November 2022 Update

At the September meeting of the Edwinstowe Historical Society, Linda Hardy, a member of the Sherwood Forest Trust, gave a detailed account of the introduction of hop growing into England and the reason for the popularity, locally,  in the 1700’s. Previously the national drink had been ale (a brew produced from malt without hops)  but the introduction of hops preserved the beer.  The growing method was to train hops to grow up poles.




Hop Pole Hotel, Ollerton.  “Wikimedia Commons”

Extending from Retford to Southwell, known as the “North Clay” district, 35 parishes including Ollerton and Edwinstowe, contained hop yards.   Records indicate that in 1881, Edwinstowe’s hop yards were sited on land off Mill Lane and Boy Lane.  A noted hop grower was the Earl of Scarborough, at Rufford Abbey.  Hop markets or fairs were held in Retford, Tuxford and Ollerton and attracted merchants from various parts of England.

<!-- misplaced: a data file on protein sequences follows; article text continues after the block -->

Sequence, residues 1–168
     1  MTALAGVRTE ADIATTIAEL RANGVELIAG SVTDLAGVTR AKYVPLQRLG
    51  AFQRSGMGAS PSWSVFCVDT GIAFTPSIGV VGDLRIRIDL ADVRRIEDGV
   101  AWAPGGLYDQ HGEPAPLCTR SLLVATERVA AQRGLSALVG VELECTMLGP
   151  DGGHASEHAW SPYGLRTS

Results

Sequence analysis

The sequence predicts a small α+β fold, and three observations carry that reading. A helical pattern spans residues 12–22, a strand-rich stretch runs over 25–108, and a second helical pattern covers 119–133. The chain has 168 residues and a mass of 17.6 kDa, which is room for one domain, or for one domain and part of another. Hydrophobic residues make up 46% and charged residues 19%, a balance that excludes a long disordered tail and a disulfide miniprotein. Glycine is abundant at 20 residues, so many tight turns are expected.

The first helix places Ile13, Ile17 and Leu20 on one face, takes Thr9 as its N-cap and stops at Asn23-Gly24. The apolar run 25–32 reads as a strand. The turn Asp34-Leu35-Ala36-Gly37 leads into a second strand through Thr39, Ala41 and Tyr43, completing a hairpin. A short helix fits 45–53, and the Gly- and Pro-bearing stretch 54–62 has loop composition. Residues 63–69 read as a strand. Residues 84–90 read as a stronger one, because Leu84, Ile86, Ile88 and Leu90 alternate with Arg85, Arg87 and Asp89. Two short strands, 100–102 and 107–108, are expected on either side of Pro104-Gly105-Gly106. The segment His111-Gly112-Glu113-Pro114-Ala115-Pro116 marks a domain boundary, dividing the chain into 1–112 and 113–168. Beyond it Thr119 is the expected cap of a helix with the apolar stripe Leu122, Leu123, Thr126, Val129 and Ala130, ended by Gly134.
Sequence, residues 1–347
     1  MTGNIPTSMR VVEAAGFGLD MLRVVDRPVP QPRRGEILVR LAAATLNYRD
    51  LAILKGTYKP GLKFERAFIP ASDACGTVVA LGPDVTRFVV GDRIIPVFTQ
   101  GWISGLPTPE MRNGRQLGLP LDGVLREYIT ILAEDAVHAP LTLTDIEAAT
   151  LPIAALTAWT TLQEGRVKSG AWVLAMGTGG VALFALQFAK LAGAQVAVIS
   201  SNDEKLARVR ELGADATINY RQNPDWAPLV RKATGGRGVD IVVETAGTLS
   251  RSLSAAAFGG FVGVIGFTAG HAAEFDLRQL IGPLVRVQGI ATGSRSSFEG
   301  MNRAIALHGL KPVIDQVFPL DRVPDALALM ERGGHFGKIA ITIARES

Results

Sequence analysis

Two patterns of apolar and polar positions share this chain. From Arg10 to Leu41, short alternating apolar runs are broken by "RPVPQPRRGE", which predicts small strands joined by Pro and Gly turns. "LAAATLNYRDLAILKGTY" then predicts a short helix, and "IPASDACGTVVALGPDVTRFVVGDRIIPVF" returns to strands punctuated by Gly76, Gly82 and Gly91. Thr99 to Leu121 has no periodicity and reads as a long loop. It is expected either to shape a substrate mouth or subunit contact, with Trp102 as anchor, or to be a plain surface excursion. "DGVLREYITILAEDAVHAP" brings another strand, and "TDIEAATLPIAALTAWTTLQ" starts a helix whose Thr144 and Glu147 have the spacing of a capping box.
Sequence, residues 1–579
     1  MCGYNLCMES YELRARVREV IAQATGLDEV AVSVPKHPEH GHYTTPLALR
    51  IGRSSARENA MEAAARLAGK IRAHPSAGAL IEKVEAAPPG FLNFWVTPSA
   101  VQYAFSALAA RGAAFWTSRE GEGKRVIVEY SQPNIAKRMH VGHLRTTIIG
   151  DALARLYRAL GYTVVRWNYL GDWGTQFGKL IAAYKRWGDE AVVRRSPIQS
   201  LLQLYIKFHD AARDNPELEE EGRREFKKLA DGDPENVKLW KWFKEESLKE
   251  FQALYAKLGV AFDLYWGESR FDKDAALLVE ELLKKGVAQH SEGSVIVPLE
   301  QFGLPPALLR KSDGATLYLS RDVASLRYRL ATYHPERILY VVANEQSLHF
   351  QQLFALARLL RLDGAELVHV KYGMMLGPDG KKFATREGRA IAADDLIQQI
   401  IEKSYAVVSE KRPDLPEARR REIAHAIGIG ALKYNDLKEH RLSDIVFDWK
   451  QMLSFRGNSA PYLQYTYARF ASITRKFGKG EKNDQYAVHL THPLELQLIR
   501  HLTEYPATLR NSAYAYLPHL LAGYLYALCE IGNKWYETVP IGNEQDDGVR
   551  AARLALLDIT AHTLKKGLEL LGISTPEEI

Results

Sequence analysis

Hop growing declined towards the end of the 19th century, possibly due to the advent of the railways, and changes in taste.  The only reminders now of a once flourishing trade are signs to be found on some hostelries, i.e. the Hop Pole in Retford, and the Hop Pole in Ollerton.

Enquiries continue to be received, one from the leader of Souchez Historic Committee in France.  His enquiry related to Lieutenant Sidney Reuben Pinder of the Royal Flying Corps  who, sadly, lost his life during the first world war when he was shot down at Marquillies in France, on 19th February, 1918.  Sidney was born in Edwinstowe on 31st August 1889.   He went to Canada in 1911 but as soon as war was declared he left his job and enlisted with the 3rd Canadian Tunnelling Company. Tributes will be paid in November 2022 to the allied airmen buried in the Cabaret Rouge Cemetery at Souchez, France. Sidney is one of them.